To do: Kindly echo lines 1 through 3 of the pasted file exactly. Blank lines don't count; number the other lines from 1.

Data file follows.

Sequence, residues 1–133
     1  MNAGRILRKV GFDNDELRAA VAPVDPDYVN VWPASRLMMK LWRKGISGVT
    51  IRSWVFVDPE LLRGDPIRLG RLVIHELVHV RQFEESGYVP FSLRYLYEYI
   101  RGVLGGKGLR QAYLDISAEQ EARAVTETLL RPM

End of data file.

Sequence, residues 1–133
     1  MNAGRILRKV GFDNDELRAA VAPVDPDYVN VWPASRLMMK LWRKGISGVT
    51  IRSWVFVDPE LLRGDPIRLG RLVIHELVHV RQFEESGYVP FSLRYLYEYI